As the road leads cursed and charmed." As soulrevue points out - these are tough choices between pursuing our dreams or pursuing love. But which is the false alarm? The failed relationship (e.g. verse 4)? or Our pursuing the dreams that end in death (like Earhart and Icarus)?
    MamboManon July 13, 2011   Link
  • 0
    General Commentan ode to amelia earhart, american aviator who disappeared in the 30s
    pumkinhedon October 07, 2005   Link
  • 0
    Song MeaningI believe this sad and wonderful piece is about the stark and difficult choice many of us face in our lives between our life's work and our life's love. The reference to the guitar in the first verse goes to the discovery of her muse, and the second verse is about the exhilaration of success. I have experienced both, and its eerie how her choice of words strikes directly at my heart.

    By the third verse she has begun to understand the sacrifice she has made, and in the fourth crystallizes that sacrifice in her words of hard lost love and the pain that goes with that loss. I find it interesting that in this verse and only this verse she addresses Amelia not in the first person (as a confidant), but in the third person in a much more clinical way (“I tell Amelia”).

    A ghost of aviation, swallowed by the sky…she has lost her way in her devotion to her career. These verses are all about the wreckage of her life, as a consequence of her own choices. And then that lovely last refrain, in which she speaks of resignation to her lonely life of dreams (twice, in case you missed it the first time) and false alarms.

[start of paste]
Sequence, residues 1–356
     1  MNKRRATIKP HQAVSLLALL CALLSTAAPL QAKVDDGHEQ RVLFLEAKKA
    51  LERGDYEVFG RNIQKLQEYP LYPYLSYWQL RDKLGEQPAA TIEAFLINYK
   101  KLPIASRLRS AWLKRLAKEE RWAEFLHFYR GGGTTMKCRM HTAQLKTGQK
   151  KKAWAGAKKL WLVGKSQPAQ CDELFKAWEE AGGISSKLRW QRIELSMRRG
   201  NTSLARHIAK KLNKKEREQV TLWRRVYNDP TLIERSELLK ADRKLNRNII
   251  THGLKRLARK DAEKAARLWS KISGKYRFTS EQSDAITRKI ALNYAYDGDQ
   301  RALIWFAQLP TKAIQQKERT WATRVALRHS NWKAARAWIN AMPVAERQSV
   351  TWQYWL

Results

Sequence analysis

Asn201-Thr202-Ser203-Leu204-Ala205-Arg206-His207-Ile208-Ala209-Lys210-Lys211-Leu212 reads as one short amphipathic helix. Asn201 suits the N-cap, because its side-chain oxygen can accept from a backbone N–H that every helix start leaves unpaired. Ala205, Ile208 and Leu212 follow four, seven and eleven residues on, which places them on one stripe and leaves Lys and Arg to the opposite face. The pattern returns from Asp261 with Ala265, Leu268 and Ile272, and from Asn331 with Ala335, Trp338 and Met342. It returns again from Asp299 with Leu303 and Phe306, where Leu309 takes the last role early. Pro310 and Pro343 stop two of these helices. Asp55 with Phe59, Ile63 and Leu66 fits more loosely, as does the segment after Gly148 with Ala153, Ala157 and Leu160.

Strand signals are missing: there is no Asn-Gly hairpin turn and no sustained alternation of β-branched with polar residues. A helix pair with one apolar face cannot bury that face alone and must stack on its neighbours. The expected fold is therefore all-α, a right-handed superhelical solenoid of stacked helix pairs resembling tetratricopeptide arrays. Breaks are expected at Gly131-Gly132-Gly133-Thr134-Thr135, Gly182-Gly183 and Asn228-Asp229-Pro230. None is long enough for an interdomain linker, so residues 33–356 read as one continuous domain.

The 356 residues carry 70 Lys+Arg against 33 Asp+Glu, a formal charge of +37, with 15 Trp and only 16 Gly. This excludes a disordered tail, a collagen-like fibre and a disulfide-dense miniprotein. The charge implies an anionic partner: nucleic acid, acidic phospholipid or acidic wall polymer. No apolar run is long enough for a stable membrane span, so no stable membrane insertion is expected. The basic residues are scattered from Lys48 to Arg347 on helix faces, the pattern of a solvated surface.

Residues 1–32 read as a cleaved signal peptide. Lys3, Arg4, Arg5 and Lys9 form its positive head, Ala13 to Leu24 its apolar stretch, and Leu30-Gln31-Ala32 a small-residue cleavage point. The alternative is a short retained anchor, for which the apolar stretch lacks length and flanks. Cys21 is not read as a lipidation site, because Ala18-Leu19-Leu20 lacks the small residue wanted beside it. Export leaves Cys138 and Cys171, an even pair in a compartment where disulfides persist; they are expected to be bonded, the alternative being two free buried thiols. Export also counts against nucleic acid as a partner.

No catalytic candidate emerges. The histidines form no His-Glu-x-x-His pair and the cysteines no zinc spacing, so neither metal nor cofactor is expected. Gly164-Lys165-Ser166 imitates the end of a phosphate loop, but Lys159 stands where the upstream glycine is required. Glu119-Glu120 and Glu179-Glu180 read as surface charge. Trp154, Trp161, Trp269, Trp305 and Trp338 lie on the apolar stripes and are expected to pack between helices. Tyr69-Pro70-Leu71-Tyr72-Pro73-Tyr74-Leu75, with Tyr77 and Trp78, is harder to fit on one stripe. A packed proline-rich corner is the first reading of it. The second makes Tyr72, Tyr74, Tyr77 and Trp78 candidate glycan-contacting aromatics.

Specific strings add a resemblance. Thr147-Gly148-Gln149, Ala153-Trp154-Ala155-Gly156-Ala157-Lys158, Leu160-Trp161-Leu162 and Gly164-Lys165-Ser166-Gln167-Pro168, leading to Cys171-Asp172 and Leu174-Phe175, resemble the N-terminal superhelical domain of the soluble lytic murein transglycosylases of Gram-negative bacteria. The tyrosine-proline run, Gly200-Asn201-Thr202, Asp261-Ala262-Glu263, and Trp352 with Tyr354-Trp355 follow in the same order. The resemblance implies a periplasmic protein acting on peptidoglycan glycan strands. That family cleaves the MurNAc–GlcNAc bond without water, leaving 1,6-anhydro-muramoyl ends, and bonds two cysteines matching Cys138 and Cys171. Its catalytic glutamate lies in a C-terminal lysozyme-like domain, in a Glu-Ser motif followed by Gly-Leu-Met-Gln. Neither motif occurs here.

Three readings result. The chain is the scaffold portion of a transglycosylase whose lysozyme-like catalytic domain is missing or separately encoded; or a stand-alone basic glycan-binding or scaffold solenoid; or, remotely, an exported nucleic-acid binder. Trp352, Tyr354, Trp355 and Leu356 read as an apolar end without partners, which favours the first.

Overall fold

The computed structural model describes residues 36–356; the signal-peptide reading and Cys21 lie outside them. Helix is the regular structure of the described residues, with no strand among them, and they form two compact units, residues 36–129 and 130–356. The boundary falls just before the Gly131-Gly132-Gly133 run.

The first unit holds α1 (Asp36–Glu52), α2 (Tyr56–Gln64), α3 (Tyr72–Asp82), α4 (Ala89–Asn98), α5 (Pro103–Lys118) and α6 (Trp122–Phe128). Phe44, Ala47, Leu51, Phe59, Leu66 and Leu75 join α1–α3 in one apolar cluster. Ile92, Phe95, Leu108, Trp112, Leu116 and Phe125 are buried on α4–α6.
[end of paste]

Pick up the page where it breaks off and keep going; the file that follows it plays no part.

soulrevueon April 20, 2010   Link
  • 0
    General CommentWe can clearly draw a parallel between the struggles of Amelia Earhart and the feminist movement. The tragic ending of Amelia's final journey solidifies the deeply infused misogamy of the concept of being free. Woman are exempt from this notion, perhaps she stopped for directions (in the ocean?) hence her death.
    lyrocyston March 31, 2012   Link
  • 0
    General CommentNumbed by being excluded by her lover, the character is trying to rationalise that she wasn't in love & perhaps never realy could be.

    A spookily chilling atmosphere, tempered by her ability to dive back down into the warmth of humanity, if only as an outsider.
    skriveneron October 28, 2014   Link